NEW ORLEANS — A monoclonal antibody targeting interferon beta (IFN-beta) provided substantial reductions in the skin lesions associated with dermatomyositis in a double-blind, placebo-controlled phase 2 trial, according to results presented as a late-breaker at the annual meeting of the American Academy of Dermatology.
“These findings support the inhibition of IFN-beta as a promising therapeutic strategy in skin-predominant disease,” said principal investigator Aaron Mangold, MD, associate professor of dermatology, Mayo Clinic, Scottsdale, Arizona.
Dermatomyositis, a rare autoimmune inflammatory condition that typically involves both skeletal muscles and skin, is a challenging disease with a diverse set of potential complications.
Dr Aaron Mangold
Immunosuppressive and immunomodulatory agents are used with mixed success for myositis, but skin manifestations, which include papular eruptions, heliotrope rash, photoerythema, burning, and pruritus, are often the most troublesome and the most difficult to control. Treatment options other than immunomodulators that target cutaneous involvement — which include steroids, emollients, and photoprotection — are generally modestly effective, according to Mangold.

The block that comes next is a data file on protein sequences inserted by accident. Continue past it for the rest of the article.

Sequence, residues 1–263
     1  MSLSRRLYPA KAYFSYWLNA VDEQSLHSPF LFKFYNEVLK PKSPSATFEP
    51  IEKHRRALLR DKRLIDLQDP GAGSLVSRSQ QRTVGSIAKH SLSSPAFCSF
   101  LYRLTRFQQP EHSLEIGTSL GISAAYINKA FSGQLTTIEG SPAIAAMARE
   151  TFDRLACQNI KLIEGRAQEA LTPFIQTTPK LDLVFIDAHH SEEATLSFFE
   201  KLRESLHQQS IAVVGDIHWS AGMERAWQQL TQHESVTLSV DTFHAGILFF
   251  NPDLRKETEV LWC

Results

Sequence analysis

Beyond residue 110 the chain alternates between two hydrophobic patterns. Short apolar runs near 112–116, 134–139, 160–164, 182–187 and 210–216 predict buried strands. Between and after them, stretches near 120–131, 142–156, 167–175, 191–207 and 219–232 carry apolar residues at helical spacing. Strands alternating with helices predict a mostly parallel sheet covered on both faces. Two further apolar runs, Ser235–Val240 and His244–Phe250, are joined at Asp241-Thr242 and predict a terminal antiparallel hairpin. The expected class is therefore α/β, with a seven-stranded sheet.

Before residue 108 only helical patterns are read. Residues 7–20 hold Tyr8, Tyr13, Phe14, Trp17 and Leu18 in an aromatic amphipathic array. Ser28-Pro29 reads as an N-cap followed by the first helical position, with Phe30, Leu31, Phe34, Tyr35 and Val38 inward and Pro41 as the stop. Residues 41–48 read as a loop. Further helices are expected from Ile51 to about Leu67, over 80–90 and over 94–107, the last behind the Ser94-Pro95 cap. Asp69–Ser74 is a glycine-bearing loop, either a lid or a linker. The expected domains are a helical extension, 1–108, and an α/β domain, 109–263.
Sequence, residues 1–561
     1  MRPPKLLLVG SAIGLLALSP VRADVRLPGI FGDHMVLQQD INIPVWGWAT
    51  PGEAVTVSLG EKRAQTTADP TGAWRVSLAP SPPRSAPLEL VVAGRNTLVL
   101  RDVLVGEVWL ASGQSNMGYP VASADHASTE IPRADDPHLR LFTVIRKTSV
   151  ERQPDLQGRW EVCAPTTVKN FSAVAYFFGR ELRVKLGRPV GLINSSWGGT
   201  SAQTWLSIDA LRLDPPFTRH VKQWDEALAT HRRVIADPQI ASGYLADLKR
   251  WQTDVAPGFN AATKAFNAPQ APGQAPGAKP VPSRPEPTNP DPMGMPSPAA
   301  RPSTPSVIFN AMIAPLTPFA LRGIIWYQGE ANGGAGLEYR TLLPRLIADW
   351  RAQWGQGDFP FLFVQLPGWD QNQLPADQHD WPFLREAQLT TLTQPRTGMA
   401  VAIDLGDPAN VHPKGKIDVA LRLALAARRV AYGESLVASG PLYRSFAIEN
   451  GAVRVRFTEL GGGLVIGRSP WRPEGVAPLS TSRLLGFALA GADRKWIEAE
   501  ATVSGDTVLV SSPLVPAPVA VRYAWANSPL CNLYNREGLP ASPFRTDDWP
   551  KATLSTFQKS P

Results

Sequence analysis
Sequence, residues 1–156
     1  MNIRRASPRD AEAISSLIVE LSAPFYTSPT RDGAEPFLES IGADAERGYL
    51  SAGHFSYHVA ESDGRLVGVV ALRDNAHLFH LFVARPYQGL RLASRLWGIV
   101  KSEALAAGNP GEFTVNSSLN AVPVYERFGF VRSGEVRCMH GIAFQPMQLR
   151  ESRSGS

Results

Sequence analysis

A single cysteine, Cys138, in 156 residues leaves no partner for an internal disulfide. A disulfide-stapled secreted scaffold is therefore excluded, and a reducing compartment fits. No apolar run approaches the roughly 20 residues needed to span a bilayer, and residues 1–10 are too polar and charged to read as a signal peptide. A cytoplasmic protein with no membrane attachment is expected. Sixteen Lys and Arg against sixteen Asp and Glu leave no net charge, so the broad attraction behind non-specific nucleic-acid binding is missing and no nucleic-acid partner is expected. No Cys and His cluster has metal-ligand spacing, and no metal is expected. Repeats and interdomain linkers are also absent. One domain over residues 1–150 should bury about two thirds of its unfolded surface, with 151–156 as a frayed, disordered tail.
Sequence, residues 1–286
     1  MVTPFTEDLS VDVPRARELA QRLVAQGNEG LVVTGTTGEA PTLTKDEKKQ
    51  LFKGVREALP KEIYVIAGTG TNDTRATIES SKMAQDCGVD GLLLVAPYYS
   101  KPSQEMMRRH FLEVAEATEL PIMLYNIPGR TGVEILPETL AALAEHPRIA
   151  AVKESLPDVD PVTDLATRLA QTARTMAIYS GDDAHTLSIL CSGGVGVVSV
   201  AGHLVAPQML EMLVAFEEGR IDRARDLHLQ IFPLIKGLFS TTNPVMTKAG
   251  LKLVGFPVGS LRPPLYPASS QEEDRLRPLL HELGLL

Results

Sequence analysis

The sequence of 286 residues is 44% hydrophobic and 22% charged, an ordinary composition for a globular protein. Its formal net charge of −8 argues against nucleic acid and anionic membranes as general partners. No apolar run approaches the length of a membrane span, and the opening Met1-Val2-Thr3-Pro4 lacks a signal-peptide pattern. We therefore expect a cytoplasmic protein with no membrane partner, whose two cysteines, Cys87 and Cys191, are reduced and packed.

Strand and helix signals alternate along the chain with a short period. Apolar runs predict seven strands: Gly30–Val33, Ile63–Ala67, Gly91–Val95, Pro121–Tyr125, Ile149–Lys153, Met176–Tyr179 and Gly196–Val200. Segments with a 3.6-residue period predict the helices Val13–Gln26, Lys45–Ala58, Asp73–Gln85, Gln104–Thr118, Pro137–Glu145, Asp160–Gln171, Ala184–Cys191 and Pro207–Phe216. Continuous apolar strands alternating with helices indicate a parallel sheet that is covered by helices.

Targeting an Elevated Cytokine
Interest in IFN-beta, which is elevated in the blood of individuals with dermatomyositis, was triggered by evidence that this cytokine plays an important role in driving the skin inflammation, Mangold explained.
“The blood concentrations of IFN-beta are positively correlated with cutaneous disease activity and severity,” he said.
The study drug, currently known as PF-06823859 (Dazukibart), “is a potent, selective humanized IgG1 neutralizing antibody directed at IFN-beta” Mangold said. A dose-ranging phase 1 study published 2 years ago provided evidence of acceptable pharmacokinetics and safety in healthy individuals to support treatment studies for disorders associated with elevated IFN-beta levels. In addition to dermatomyositis, this includes systemic lupus erythematosus.
In this phase 2 trial, patients whose condition was not improved by at least one standard care therapy for skin manifestations of dermatomyositis were eligible if they had moderate to severe disease as measured with the CDASI (Cutaneous Dermatomyositis Disease Area and Severity Index), according to Mangold. During the study, patients were allowed to remain on a disease modifying antirheumatic drug (DMARD) and/or prednisone if they had been on stable doses and did not change the dose.
After a screening run-in, the trial had two blinded stages. In stage 1, 30 patients were randomly assigned either to 600 mg of PF-06823859 or to placebo, both administered intravenously every 4 weeks. A second cohort of 25 patients was randomly assigned in stage 2 to placebo, 150 mg of PF-06823859, or 600 mg of PF-06823859. The primary endpoint assessed at 12 weeks was a >5-point reduction in CDASI score or >40% CDASI improvement from baseline.
Both endpoints are associated with a clinically meaningful response in regard to an improved quality of life, according to Mangold.
Both Doses Better Than Placebo